“Hurry up, or we’ll be late for school!” yelled my two older brothers. I grabbed my shabby jacket, my one-gallon tin bucket containing a jelly soaked, homemade-bread sandwich and ran down the long country driveway to catch up with them. It was quite a trek for a six-year-old — two miles up and down three rather steep hills on gravelled roads.
Our school was a small white building with one large classroom for our eighteen students from kindergarten to grade eight. There were also a library, a coat room, and a room with a metal wash basin and a water bucket with an enamelled dipper from which we all drank.
The day started with pledging allegiance to the flag, roll call, and health inspection. If you had clean ears, had combed your hair, brushed your teeth, washed your hands, and were wearing clean clothes you received a small white sticker in the shape of an ivory soap bar to put on the health chart. You got a black sticker if you were dirty!
We sat in rows of desks facing the teacher’s desk, behind that were a blackboard with the alphabet written neatly at the top. When it was our class’ turn for a lesson, we went up to the front of the classroom and sat on little square chairs made out of orange crates near the teacher. Then we returned to our desks to do our homework while the next class had their lesson.
If I had to go to the bathroom, I wrote my name on the blackboard. Then I raced outside, down the sidewalk to the outhouse. In warm weather, the smell was enough to knock you over. Fat, creepy-looking spiders looked down at you from their tangled webs as they gorged themselves on unsuspecting flies.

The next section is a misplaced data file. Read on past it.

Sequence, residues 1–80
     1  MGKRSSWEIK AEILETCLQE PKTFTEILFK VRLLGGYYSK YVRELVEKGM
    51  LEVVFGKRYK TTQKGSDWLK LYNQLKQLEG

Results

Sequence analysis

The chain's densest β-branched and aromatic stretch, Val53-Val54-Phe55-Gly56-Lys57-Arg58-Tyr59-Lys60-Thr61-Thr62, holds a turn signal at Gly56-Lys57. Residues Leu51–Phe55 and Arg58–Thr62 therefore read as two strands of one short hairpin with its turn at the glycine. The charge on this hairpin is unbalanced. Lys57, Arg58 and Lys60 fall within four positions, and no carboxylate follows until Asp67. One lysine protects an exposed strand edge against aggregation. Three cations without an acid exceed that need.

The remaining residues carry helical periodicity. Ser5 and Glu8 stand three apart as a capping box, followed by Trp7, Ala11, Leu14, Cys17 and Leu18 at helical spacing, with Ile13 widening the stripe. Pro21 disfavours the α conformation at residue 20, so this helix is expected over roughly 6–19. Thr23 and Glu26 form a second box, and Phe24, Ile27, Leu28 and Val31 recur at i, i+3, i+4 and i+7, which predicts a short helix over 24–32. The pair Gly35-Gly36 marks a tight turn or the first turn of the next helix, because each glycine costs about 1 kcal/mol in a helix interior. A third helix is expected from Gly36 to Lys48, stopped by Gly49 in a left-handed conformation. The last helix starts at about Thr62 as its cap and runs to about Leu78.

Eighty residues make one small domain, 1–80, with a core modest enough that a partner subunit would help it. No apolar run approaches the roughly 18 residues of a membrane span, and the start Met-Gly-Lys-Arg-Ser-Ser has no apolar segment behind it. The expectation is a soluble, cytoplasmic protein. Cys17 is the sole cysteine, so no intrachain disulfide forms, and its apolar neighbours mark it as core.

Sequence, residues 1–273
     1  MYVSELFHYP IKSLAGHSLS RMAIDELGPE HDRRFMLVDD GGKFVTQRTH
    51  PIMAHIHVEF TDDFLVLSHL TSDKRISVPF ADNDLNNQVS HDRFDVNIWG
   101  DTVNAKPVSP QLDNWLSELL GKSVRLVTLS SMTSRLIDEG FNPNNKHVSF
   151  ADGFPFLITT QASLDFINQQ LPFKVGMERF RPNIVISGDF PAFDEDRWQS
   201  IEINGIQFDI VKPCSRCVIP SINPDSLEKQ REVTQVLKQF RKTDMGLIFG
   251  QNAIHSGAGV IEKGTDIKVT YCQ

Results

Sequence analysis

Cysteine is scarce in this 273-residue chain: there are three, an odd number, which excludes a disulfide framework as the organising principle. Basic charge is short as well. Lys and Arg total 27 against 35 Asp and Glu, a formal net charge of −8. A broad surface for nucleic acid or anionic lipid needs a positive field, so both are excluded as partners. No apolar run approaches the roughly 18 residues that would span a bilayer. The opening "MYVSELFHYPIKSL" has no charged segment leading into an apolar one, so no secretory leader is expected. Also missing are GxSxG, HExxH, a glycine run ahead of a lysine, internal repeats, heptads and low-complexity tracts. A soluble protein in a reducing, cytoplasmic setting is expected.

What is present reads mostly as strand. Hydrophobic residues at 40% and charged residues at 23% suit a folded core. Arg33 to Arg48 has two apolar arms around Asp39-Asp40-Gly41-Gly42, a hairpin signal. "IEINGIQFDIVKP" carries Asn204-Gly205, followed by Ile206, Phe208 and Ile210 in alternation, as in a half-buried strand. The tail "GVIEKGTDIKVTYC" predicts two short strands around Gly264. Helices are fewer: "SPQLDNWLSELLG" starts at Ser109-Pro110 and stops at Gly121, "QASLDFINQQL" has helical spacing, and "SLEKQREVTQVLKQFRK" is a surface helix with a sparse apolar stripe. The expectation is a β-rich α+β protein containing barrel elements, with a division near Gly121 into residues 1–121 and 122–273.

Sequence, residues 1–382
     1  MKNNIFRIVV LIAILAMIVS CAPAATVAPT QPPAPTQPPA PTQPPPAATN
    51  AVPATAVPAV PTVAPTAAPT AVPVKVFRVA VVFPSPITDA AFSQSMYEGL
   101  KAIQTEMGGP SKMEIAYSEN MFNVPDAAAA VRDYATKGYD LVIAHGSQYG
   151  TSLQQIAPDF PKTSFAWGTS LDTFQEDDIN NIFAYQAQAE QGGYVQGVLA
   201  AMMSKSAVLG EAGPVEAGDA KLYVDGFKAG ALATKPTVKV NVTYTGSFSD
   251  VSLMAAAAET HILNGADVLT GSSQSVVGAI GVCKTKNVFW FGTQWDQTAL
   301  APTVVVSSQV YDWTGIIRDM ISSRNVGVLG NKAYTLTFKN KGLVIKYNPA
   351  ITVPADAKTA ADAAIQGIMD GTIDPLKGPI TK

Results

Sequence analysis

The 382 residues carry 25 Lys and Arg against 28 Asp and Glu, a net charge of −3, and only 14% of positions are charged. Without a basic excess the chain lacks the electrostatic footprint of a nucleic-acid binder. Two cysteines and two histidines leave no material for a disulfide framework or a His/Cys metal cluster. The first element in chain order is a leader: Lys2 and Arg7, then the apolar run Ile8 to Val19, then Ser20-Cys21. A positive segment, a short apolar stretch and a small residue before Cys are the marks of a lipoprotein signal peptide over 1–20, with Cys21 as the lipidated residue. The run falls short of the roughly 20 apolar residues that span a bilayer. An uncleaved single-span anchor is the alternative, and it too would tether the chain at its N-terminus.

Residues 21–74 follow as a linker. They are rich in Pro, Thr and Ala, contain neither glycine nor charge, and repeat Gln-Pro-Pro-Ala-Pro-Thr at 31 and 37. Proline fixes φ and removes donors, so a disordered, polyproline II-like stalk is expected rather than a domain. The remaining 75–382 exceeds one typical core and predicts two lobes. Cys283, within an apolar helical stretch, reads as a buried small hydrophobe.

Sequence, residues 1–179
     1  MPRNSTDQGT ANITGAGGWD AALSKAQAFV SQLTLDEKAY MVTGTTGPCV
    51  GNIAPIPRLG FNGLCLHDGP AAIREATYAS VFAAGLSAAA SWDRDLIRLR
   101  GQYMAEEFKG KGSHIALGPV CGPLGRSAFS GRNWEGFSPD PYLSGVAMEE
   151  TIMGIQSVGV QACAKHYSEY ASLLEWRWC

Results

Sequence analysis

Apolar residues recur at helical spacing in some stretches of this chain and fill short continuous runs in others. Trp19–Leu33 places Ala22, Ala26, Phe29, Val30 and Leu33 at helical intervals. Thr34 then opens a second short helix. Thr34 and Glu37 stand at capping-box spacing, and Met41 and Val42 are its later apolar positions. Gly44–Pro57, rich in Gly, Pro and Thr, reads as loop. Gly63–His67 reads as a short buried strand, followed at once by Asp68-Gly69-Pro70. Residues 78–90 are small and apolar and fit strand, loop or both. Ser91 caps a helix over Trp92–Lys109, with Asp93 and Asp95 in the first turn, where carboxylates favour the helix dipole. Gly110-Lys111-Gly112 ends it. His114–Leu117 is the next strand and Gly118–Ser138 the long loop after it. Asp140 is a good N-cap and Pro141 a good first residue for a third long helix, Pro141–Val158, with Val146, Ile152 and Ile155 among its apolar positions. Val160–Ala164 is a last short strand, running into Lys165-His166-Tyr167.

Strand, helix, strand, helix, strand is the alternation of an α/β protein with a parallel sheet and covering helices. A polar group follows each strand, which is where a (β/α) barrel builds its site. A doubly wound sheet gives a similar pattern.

Our teacher’s name was Miss R. Her discipline was swift and cruel. One time I was caught whispering to my friends while she was teaching another class. The three of us were confined to our desks after school. As she swept the floor, her shouts at us were punctuated with whacks on the head with her straw broom.
Recess was usually fun. In good weather, we played baseball, hide-and-seek or “steal the cobs.” For this game opposing teams stood facing each other at the center line, each with a pile of ten corn cobs placed about twenty feet behind them. The object was to break through the line, grab one of their cobs and get it back to your own pile without being tagged. Whichever team got all twenty cobs first won the game.
In winter, older students shuffled their boots through the thick snow to make paths to run in. Inside a very large circle was a medium-sized one and a safe spot called “home” in the very middle. Other paths crisscrossed the circles. There were the dreaded “dead ends” where you had nowhere to go. When you were caught, you became the next one to chase the others.
When school was out, we tramped off for home. We had contests to see who could kick a stone the farthest before it bounced off into the ditch.